Dogs With the Shortest Lifespans

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Dogs, as the cliché has it, are man’s best friend. Canines have been humans’ companions for centuries. They are by far the most popular pet in the U.S. About 69 million households, of the 90.5 million that own a pet, have at least one dog. (These were the most popular dogs in America.)

While a good diet and regular exercise can lengthen and improve the life of any dog, the sad reality is that compared with humans, dogs do not live very long. Another somber truth is some canine breeds live longer than others, and much of the difference has to do with genetics.

To identify the shortest-living dog breeds in the United States, 24/7 Tempo reviewed information on each of the 282 dog breeds currently listed by the American Kennel Club, the country’s purebred dog registry. The AKC gives a range in identifying the life expectancies of various breeds. For our own list, we included only breeds whose maximum lifespan is no more than 15 years, though most won’t live that long. A few breeds might live as little as five or six years. Information on popularity, height, weight, and breed category also came from the AKC.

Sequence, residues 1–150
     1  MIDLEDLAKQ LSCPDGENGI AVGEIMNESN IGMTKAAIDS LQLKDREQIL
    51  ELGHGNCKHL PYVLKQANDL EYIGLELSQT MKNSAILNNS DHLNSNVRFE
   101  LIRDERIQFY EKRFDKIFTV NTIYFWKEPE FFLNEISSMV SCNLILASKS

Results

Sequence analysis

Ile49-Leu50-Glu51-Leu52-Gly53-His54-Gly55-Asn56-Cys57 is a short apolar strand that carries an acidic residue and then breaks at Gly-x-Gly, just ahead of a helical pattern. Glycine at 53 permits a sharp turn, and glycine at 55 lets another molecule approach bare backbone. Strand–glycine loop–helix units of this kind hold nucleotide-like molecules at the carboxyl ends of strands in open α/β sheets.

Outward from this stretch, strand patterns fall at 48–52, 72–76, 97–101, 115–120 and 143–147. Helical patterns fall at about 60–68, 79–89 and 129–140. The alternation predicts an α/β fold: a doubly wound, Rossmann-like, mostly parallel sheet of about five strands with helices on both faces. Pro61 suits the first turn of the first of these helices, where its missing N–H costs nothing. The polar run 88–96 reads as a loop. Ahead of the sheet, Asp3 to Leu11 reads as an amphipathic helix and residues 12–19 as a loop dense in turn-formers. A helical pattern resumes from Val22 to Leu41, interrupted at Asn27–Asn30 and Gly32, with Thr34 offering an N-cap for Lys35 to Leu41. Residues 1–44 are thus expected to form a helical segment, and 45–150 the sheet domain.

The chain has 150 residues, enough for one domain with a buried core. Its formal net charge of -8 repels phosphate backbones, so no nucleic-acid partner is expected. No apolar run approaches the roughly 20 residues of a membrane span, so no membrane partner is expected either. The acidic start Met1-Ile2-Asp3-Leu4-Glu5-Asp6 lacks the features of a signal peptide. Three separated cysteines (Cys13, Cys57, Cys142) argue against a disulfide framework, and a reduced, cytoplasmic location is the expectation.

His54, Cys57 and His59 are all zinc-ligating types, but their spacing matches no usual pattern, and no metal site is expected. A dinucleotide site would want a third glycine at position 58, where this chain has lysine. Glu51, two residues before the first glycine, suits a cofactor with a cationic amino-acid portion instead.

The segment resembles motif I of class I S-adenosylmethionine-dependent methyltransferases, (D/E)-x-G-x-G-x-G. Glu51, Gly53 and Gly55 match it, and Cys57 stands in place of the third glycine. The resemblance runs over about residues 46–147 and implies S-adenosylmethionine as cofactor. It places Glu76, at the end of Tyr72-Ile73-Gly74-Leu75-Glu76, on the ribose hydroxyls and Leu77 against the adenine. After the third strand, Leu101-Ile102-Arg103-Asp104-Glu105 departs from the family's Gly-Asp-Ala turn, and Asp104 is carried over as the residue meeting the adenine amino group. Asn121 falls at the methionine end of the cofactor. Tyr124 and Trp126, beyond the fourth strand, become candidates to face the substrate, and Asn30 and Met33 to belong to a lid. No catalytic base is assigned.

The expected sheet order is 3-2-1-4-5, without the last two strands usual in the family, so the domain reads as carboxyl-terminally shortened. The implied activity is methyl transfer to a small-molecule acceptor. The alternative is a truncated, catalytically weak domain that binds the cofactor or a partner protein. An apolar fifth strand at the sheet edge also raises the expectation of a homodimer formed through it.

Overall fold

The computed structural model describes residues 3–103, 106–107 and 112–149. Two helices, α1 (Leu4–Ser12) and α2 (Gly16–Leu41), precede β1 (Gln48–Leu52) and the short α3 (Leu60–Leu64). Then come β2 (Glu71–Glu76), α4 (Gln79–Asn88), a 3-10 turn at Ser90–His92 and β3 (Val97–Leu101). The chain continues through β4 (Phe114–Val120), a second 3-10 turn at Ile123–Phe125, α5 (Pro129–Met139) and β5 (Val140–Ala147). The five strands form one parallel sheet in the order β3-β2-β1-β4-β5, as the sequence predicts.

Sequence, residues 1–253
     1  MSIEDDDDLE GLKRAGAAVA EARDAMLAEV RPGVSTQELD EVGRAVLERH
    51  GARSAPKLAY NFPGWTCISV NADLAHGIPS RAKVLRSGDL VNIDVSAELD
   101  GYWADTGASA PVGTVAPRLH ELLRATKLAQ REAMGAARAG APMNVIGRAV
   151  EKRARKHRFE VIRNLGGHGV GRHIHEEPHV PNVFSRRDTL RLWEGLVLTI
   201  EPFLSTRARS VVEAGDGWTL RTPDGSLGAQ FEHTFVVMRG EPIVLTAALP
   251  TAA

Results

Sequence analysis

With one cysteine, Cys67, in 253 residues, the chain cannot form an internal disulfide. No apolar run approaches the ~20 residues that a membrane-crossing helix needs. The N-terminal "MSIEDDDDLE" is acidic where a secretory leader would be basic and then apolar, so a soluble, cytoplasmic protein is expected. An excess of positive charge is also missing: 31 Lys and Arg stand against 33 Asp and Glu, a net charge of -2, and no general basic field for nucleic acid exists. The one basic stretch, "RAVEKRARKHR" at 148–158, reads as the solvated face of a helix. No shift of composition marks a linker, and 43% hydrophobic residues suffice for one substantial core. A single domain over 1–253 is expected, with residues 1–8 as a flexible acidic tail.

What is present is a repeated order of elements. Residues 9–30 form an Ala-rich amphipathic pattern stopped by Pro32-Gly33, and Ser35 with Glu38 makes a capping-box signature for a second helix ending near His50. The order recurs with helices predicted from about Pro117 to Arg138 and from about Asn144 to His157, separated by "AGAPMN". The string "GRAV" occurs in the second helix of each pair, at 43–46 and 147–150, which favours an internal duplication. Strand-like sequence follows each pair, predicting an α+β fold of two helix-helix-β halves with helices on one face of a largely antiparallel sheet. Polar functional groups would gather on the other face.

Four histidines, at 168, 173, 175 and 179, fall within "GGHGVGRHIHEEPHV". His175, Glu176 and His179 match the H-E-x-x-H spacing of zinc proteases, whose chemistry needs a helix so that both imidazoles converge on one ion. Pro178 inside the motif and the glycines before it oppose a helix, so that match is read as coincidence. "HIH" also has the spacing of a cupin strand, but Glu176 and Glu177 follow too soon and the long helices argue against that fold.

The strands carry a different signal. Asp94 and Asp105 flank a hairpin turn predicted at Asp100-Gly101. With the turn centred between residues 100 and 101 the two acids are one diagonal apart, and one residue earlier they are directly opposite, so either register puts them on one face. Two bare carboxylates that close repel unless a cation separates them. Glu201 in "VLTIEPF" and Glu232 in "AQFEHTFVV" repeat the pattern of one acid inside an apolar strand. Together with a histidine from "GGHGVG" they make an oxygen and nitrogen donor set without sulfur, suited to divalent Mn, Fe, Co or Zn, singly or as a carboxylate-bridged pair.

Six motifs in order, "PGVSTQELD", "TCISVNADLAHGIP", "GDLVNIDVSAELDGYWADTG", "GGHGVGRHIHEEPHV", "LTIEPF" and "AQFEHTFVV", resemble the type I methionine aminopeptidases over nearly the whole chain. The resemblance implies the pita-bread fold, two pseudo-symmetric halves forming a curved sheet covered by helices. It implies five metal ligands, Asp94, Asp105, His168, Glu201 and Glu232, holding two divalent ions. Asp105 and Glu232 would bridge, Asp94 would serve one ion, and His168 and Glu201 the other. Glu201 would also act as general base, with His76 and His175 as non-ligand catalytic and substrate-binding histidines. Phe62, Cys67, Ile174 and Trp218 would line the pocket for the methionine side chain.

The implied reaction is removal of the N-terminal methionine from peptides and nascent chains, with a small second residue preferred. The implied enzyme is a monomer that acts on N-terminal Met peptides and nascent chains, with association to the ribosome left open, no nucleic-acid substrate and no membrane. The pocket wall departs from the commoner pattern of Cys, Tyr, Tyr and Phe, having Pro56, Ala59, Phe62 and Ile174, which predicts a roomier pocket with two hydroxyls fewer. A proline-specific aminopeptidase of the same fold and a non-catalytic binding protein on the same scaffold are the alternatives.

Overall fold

In general, large-size breeds tend to have a shorter life expectancy, and small-size breeds tend to live longer. Nearly half of the dogs on the list of the breeds with the shortest life expectancy weigh at least 100 pounds, especially the males (females usually weigh between 10 and 20 pounds less). And dogs with short lifespans are not only heavy, but they are also usually very tall. Generally measuring at over 25 inches at the shoulder, some can even be taller than their human owner when standing on their hind legs.

Some of the dogs on the list span the centuries, from the Rottweiler, with a history that dates back to the Roman Empire, and Neapolitan mastiff, which was bred as early as 700 B.C. There’s also the little-known Leonberger, which almost went extinct before being reestablished in the 1970s and ‘80s. (Here are some of the newest dog breeds you’ve probably never heard of before.)

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